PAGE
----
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Theatre performers to help design video games

Video games could become more emotionally complex with new technology to improve virtual social interaction.

Stage actors are being utilised by researchers at Goldsmiths, University of London to design computer software that can read and reproduce the ways in which people communicate with their bodies.

Dr Marco Gillies from the university's Department of Computing has succeeded in making video game characters more realistic through theatre performers teaching him body movement.

These actors have interacted with members of the public behind a screen, with their body language responses recorded as algorithms by software.

"Two people can take on the roles of the video game character and the player, showing how the character should respond by acting out the movements themselves," explained Mr Gillies.

"The software enables video games characters to move in a more natural way, responding to the player’s own body language rather than mathematical rules."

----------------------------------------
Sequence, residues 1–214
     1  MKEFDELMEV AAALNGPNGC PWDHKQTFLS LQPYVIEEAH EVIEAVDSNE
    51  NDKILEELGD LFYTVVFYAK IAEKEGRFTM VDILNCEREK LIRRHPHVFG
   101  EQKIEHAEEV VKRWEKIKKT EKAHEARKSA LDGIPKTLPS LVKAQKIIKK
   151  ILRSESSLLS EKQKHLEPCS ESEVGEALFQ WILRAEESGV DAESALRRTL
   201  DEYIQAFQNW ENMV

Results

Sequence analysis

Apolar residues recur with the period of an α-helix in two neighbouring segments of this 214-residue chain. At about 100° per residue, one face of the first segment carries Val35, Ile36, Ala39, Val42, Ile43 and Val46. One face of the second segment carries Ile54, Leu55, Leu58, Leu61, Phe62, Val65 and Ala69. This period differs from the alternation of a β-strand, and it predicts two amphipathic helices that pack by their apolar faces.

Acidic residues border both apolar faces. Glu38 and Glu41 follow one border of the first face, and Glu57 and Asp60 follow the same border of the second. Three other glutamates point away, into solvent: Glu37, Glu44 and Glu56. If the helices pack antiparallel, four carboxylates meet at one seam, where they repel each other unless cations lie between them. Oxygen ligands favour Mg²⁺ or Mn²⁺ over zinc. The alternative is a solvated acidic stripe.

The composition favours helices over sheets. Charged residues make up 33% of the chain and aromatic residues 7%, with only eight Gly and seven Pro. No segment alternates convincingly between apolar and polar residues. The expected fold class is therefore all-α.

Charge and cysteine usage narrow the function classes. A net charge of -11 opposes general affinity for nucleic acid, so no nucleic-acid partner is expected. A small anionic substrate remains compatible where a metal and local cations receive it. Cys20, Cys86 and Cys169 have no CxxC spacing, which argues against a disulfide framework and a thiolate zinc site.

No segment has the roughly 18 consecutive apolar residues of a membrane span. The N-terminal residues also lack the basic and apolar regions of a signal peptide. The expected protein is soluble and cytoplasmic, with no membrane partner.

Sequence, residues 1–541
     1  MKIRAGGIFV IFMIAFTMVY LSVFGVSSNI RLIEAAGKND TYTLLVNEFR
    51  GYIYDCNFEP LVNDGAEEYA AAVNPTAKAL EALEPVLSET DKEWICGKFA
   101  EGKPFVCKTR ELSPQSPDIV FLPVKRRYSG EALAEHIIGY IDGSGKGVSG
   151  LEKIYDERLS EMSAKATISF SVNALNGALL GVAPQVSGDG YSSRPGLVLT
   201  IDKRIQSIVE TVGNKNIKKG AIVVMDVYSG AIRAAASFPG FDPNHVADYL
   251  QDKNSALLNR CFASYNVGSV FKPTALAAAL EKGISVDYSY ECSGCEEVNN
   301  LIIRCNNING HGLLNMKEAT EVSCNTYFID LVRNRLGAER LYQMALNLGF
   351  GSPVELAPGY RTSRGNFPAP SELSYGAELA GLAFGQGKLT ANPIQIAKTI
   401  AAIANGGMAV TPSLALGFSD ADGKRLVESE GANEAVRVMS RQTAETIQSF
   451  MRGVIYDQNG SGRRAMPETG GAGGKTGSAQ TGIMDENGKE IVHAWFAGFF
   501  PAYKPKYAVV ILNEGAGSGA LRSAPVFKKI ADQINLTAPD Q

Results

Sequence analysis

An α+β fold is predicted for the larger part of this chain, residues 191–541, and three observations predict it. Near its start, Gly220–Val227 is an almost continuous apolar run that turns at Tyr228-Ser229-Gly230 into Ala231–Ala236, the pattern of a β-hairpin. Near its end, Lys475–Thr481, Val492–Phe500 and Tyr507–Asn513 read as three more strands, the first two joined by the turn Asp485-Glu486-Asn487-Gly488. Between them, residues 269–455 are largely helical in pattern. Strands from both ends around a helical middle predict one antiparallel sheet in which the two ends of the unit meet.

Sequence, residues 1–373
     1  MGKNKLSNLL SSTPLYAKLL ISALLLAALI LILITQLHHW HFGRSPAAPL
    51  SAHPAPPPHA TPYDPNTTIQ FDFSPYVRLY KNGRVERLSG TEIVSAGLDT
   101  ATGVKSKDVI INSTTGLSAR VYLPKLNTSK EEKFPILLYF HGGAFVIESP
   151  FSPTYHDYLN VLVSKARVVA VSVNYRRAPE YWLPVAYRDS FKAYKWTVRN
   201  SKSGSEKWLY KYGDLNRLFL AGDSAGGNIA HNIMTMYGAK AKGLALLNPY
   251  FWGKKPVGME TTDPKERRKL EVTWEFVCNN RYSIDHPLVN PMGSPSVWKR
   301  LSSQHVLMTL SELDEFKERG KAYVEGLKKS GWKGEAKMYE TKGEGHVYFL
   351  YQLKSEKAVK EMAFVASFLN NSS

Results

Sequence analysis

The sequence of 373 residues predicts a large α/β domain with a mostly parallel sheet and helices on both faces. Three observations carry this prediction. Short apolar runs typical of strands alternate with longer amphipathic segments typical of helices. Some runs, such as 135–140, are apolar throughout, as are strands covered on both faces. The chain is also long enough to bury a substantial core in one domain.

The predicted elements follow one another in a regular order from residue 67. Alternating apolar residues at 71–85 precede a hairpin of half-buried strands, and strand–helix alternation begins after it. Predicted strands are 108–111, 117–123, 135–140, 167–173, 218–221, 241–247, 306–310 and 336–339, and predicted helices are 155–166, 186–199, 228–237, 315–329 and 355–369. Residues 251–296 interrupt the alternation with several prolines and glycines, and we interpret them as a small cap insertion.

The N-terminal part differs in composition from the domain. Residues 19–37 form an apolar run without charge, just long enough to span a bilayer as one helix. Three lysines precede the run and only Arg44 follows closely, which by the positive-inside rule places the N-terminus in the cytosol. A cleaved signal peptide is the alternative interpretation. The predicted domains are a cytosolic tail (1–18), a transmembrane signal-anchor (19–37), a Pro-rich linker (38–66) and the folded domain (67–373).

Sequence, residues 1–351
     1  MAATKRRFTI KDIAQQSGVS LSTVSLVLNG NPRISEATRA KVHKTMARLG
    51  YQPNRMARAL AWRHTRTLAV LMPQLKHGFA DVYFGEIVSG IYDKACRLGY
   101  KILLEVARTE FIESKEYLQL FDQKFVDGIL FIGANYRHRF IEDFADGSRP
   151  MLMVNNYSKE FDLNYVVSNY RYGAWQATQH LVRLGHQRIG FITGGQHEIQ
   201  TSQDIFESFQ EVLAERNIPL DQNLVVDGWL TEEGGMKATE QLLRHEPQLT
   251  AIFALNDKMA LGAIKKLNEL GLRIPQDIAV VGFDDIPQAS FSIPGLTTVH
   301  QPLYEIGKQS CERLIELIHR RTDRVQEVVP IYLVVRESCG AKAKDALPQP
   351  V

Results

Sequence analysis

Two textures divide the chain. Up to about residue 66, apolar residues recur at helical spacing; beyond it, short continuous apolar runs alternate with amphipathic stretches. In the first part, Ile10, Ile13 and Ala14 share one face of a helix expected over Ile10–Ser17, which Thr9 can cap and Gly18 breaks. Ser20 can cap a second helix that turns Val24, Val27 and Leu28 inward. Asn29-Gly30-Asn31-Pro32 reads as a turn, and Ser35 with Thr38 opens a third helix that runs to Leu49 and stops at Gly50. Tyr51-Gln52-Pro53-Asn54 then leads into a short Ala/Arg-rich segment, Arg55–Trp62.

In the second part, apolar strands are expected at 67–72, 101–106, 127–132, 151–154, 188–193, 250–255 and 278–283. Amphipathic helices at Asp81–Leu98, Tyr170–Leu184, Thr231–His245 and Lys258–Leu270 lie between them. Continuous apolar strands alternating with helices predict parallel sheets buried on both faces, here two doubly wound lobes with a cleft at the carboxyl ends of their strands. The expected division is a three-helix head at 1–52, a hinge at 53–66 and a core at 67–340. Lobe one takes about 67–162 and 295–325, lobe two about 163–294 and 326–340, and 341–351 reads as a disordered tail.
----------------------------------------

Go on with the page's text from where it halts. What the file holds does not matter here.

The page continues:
Dr Gillies and his team has broken the mould with video game character development by enlisting artistic people, rather than just using computer programmers with technical knowledge.

"Our hypothesis is that the actors’ artistic understanding of human behaviour will bring an individuality,  subtlety and nuance to the character that it would be difficult to create in hand authored models," Dr Gillies said.

These movements are particularly difficult to programme, he added, as they are carried out instinctively as a part of movements we make numerous times every day.

Max Bye, a Goldsmiths student who became involved in the project noted how realistic the human reactions of the created virtual characters were. When he laughed at it, it responded by walking away looking disappointed.

It is hoped that this work to improve virtual social communication could expand the ways in which interactive media, such as video games, can be used. Titles in the future could become much more emotionally complex that can respond to the nuances of specific human behaviours.ADNFCR-1220-ID-801423837-ADNFCR